Greenhouse Gas Removal Technologies
Chapter 10: Feasibility of Using Biologically-based Processes in the Open Ocean and Coastal Seas for Atmospheric CO2 Removal
Published:22 Aug 2022
P. Williamson, P. W. Boyd, D. P. Harrison, N. Reynard, and A. Mashayek, in Greenhouse Gas Removal Technologies, ed. M. Bui and N. Mac Dowell, The Royal Society of Chemistry, 2022, ch. 10, pp. 291-350.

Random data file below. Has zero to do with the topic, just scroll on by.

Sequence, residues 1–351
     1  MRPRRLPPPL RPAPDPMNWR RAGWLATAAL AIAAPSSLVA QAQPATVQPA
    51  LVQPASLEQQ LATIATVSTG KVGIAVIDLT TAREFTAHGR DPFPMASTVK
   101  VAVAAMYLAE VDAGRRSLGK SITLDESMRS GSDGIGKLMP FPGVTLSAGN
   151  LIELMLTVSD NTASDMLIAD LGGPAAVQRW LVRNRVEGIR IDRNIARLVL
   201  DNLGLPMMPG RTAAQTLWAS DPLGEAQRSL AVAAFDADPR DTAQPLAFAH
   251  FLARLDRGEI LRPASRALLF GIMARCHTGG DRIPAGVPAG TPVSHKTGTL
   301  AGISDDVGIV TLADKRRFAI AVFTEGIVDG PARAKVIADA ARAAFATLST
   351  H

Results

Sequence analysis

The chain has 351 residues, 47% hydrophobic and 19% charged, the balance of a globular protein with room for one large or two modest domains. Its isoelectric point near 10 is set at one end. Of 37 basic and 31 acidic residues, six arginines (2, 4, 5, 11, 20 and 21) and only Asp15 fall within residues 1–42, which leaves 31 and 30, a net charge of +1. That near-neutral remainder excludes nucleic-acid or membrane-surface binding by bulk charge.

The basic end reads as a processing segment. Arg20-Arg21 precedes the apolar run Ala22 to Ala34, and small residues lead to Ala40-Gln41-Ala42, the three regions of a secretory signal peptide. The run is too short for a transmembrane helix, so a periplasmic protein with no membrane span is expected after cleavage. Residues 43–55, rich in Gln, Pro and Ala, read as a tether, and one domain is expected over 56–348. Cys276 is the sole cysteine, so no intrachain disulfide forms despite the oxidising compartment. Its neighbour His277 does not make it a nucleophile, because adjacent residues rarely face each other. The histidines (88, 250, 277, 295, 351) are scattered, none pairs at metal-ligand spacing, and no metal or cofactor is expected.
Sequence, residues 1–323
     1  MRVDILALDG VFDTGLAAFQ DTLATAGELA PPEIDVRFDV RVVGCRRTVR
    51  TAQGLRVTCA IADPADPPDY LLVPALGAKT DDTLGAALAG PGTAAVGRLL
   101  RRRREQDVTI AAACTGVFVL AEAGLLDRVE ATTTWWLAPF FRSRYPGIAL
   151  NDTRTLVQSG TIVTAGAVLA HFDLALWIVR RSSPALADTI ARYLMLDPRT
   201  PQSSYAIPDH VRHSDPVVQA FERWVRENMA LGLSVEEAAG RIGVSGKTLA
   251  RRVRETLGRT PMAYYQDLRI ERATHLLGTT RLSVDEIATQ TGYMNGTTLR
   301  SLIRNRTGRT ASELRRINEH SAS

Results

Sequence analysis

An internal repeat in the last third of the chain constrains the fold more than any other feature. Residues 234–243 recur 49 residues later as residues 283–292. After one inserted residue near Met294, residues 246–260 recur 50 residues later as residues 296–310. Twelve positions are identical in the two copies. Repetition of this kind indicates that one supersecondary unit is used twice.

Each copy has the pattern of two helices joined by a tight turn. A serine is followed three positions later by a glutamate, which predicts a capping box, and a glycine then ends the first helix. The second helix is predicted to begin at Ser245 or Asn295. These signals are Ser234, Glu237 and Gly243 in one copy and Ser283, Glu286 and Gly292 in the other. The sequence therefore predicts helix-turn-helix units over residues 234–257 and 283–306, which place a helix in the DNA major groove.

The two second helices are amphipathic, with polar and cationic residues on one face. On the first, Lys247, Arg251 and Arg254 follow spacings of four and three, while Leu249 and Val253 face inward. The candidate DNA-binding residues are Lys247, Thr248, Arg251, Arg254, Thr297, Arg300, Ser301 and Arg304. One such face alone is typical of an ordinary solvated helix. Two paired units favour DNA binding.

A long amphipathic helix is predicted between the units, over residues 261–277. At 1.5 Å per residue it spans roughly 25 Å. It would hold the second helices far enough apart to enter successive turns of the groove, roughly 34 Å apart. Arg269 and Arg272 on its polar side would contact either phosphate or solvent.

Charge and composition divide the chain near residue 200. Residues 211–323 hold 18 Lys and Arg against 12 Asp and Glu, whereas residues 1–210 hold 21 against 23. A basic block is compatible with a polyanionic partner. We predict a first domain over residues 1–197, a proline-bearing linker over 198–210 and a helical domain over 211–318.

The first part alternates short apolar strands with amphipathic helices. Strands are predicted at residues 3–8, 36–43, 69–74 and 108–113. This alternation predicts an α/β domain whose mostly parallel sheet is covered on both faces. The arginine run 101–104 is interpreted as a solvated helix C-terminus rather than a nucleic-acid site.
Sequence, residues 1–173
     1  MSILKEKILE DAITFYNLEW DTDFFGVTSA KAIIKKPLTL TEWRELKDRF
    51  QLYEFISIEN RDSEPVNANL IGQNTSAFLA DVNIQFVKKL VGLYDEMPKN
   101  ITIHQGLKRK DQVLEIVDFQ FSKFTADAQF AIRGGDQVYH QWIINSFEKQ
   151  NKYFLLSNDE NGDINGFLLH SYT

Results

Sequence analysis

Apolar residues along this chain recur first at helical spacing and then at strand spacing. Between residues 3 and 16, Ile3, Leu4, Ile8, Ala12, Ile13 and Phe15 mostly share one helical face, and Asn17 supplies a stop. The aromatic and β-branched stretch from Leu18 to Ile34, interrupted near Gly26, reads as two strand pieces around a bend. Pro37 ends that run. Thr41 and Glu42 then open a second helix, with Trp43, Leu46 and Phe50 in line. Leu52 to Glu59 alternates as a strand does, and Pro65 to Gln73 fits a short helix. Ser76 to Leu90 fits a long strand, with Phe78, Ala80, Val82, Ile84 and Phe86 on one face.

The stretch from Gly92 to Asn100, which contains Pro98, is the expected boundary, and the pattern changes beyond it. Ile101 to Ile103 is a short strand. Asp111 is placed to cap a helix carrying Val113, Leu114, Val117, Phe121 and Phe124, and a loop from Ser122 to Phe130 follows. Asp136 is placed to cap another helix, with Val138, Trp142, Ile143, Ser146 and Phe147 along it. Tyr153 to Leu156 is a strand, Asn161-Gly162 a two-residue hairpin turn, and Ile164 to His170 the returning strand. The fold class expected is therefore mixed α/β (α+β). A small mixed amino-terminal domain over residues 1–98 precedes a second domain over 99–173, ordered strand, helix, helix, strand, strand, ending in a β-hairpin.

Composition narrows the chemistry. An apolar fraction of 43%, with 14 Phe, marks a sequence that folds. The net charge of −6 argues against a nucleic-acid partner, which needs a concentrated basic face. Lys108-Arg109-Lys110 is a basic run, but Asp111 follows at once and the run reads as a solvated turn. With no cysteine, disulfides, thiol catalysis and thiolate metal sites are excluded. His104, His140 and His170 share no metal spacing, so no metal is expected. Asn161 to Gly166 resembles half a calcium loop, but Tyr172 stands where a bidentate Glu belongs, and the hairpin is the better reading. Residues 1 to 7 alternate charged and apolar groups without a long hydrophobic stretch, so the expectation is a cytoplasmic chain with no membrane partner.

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This chapter assesses the feasibility of six ways to achieve greenhouse gas removal by using marine biological processes to increase CO2 drawdown from the atmosphere. Four approaches involve increasing the supply of nutrients to the open ocean: adding iron directly; adding iron indirectly via the atmosphere; adding macronutrients; and by enhancing upwelling to increase natural nutrient recycling. The intention is to stimulate primary production and CO2 uptake by marine phytoplankton, and hence deep-water carbon storage via the ocean biological carbon pump. Two coastal methods are also considered to increase CO2 drawdown: restoring blue carbon ecosystems (mangroves, salt marsh and seagrass habitats) as a ‘nature-based solution’, and large-scale cultivation of seaweeds (macroalgae) and subsequent carbon storage, primarily by the marine equivalent of BECCS (bioenergy with carbon capture and storage). For each approach, information is given on scientific understanding of key processes, environmental consequences, cost-effectiveness, carbon accounting, governance and public acceptability. Major uncertainties are identified regarding the quantification of carbon removal, the permanence of storage, and the possible emissions of other greenhouse gases. Governance-related constraints are particularly important for the open ocean approaches. Marine BECCS using seaweed theoretically offers high potential, but its large-scale deployment has not been well investigated. Coastal ecosystem restoration is already being used for small-scale carbon offsetting, and can be considered a no-regrets mitigation option, on the basis of its non-climatic benefits. The scalability and effectiveness of this approach for increasing CO2 removal are, however, uncertain, with many associated risks.